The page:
As an entrepreneur, you probably have lots of projects going on at once with varying deadlines. Keeping all of those dates straight is a key component to actually meeting the deadlines. Consider creating a tracking system that lets you see all of the projects and their corresponding due dates at a glance. A calendar posted above your work space is an easy option. Write deadlines on sticky notes so you can shift them around on the calendar if things change. Color coding the notes keeps you even more organized by letting you see different types of tasks and their due dates. This tracking system helps you prioritize your tasks by quickly seeing what is due soon.

Sticking to Deadlines

You want to break down a project into manageable, actionable chunks with mini deadlines to keep yourself on track. Those smaller chunks make the project less overwhelming. If the overall finish date is two weeks away, what steps do you need to complete to get to that finished product? How long does each step take? Say you’re working on a writing project for a client and you need time for research, a rough draft, fact checking, editing, and a final run-through before delivery. Set specific dates for each of the phases. Plan to finish the overall project before the actual deadline to build in a cushion in case something throws off your schedule. When you actually work on your projects, remove distractions to put all of your focus on the work. This helps you be more efficient so you are better able to meet your deadlines.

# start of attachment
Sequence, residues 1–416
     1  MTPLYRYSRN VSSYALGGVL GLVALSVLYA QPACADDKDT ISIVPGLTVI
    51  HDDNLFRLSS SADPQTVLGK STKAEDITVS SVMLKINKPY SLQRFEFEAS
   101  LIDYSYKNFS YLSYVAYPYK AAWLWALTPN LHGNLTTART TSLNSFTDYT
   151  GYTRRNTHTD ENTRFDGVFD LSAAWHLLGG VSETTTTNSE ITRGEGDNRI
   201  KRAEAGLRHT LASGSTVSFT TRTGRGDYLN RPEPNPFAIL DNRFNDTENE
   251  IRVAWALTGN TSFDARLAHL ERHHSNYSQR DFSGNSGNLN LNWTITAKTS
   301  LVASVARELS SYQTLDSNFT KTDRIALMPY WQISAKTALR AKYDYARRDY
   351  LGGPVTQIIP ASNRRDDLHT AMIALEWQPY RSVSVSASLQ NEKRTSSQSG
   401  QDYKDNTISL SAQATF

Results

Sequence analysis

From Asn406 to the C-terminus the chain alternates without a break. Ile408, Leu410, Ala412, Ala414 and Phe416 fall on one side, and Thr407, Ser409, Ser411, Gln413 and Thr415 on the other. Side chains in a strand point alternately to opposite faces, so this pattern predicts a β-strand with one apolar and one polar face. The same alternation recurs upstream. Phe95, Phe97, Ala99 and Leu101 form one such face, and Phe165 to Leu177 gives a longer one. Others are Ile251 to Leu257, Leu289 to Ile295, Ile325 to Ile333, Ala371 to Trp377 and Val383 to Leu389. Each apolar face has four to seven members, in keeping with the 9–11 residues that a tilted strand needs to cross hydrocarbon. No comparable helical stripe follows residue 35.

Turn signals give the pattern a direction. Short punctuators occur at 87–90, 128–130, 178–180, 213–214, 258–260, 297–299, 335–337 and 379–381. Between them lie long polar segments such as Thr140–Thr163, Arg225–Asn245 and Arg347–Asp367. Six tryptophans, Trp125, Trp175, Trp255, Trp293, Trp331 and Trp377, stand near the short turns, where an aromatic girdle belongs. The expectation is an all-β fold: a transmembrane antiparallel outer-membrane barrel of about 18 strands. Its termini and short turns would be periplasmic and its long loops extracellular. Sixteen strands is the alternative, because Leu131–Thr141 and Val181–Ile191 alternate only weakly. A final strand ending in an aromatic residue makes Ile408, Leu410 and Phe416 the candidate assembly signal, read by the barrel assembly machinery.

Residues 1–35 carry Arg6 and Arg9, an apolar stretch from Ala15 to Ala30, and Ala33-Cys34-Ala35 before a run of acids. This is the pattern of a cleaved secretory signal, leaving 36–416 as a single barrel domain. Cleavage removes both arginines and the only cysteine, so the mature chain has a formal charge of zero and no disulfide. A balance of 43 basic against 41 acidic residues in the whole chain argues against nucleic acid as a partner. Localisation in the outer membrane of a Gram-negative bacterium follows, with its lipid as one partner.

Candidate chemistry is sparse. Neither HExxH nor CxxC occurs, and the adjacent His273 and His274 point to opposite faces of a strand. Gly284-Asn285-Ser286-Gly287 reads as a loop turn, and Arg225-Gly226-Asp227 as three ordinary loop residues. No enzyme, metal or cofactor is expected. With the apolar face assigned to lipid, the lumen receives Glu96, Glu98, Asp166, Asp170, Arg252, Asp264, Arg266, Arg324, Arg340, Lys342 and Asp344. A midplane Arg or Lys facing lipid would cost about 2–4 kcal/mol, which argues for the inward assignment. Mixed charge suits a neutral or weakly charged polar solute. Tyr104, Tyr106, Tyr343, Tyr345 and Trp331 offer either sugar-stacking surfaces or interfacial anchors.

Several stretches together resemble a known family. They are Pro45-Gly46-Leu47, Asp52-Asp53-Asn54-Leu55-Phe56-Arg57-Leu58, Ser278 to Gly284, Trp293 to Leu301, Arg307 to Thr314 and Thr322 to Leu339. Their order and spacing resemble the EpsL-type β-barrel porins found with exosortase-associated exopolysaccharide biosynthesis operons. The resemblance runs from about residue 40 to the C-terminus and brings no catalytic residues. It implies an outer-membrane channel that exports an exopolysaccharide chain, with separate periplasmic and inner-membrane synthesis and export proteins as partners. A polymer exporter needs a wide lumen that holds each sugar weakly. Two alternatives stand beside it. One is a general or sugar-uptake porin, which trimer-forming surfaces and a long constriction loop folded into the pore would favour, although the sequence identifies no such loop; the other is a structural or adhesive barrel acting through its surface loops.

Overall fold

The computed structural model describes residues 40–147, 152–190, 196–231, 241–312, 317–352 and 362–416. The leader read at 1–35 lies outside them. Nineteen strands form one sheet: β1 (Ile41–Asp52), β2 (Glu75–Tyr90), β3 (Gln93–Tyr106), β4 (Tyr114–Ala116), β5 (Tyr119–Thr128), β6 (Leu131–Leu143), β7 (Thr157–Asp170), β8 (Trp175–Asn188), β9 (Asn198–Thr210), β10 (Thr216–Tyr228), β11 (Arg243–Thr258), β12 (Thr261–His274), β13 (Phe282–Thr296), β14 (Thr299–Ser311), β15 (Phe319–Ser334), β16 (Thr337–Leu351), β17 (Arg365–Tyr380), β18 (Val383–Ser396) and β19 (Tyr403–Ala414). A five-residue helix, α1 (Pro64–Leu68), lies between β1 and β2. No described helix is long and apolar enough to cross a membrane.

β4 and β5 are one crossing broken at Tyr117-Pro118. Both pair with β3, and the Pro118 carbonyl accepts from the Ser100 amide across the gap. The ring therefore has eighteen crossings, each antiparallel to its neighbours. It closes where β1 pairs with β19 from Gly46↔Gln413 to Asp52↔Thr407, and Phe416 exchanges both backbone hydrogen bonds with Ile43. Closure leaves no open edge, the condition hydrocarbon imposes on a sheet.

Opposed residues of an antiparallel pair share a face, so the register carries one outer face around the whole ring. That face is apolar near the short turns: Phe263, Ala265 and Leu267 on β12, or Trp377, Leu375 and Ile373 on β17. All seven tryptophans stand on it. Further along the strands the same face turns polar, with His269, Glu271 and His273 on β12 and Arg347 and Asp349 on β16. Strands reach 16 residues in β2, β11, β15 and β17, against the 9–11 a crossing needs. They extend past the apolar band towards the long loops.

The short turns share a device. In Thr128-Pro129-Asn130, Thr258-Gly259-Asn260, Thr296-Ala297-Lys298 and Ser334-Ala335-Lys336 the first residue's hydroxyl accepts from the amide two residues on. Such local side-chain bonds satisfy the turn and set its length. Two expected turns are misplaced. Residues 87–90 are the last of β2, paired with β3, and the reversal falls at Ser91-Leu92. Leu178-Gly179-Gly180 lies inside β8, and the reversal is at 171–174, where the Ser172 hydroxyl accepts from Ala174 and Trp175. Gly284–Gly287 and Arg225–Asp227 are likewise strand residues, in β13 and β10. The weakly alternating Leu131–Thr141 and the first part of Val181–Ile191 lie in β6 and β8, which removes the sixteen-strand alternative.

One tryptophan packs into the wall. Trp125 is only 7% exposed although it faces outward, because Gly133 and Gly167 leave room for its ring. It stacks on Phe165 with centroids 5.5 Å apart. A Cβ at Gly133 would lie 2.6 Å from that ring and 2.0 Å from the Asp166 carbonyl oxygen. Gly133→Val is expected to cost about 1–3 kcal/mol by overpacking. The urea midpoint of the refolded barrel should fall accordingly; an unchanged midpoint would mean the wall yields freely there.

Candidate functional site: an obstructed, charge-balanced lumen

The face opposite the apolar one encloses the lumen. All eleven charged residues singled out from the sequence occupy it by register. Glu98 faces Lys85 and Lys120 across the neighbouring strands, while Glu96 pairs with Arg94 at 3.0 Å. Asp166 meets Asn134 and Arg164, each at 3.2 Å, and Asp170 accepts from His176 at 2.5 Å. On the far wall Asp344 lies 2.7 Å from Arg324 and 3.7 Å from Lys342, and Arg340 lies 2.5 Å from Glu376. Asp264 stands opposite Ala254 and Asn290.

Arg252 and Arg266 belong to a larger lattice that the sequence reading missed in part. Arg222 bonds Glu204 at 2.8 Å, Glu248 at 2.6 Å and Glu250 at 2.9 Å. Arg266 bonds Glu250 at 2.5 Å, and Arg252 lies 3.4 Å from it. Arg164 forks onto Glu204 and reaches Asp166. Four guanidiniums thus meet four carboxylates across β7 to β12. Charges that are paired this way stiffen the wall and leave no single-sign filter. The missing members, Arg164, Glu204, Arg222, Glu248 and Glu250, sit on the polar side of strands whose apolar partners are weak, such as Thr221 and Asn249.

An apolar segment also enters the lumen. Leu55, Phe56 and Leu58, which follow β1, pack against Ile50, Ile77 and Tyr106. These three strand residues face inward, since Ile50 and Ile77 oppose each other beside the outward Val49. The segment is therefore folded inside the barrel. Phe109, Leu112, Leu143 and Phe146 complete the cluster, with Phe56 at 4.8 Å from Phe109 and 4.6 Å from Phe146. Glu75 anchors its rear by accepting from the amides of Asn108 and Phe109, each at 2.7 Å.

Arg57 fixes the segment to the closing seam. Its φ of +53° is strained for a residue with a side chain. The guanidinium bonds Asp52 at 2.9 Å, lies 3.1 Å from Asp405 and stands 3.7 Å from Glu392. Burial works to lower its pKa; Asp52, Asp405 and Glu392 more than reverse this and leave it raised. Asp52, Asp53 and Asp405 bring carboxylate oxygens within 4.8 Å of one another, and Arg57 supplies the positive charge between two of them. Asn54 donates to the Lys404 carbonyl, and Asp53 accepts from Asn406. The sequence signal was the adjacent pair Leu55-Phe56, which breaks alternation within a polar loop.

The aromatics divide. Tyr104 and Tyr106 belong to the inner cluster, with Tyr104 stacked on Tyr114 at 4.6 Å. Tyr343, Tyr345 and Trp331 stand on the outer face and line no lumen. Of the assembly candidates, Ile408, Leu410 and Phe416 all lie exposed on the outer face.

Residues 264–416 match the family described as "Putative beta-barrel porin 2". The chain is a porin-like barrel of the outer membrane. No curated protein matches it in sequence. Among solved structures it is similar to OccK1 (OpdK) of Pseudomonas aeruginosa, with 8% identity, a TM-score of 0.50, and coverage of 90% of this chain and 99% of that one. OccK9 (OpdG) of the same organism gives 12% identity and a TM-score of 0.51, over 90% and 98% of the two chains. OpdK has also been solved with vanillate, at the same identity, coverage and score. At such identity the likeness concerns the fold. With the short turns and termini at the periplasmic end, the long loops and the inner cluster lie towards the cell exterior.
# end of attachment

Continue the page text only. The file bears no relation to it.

Missed Deadlines

Sometimes you just can’t meet a deadline without sacrificing quality. The job takes longer than you expect. Another major issue comes up that you need to address. A delivery of a crucial file or material doesn’t arrive as expected, which delays your work. Sometimes you simply don’t manage your time well and fall behind schedule. These things happen in business. Addressing the delay as soon as you know it’s inevitable is important for damage control. If the missed deadline affects clients, communicate with them about the situation immediately. Clients are more likely to work with you when you keep them in the loop. Adjust the deadline if possible to give yourself enough time to get the job done, but make sure you meet the new deadline. Multiple deadline changes start making clients wary of your ability to handle the job. Outsourcing part of the work is a way to stay on track. Try hiring a temp employee or a freelancer to handle part of the workload or to handle other work tasks to free up your time. For instance, a virtual assistant can handle administrative tasks while you work on the project. Meeting deadlines keeps your business moving forward to achieve your goals. You also keep your solid business reputation intact by delivering goods and services as promised.

References & Resources

Information may be abridged and therefore incomplete. This document/information does not constitute, and should not be considered a substitute for, legal or financial advice. Each financial situation is different, the advice provided is intended to be general. Please contact your financial or legal advisors for information specific to your situation.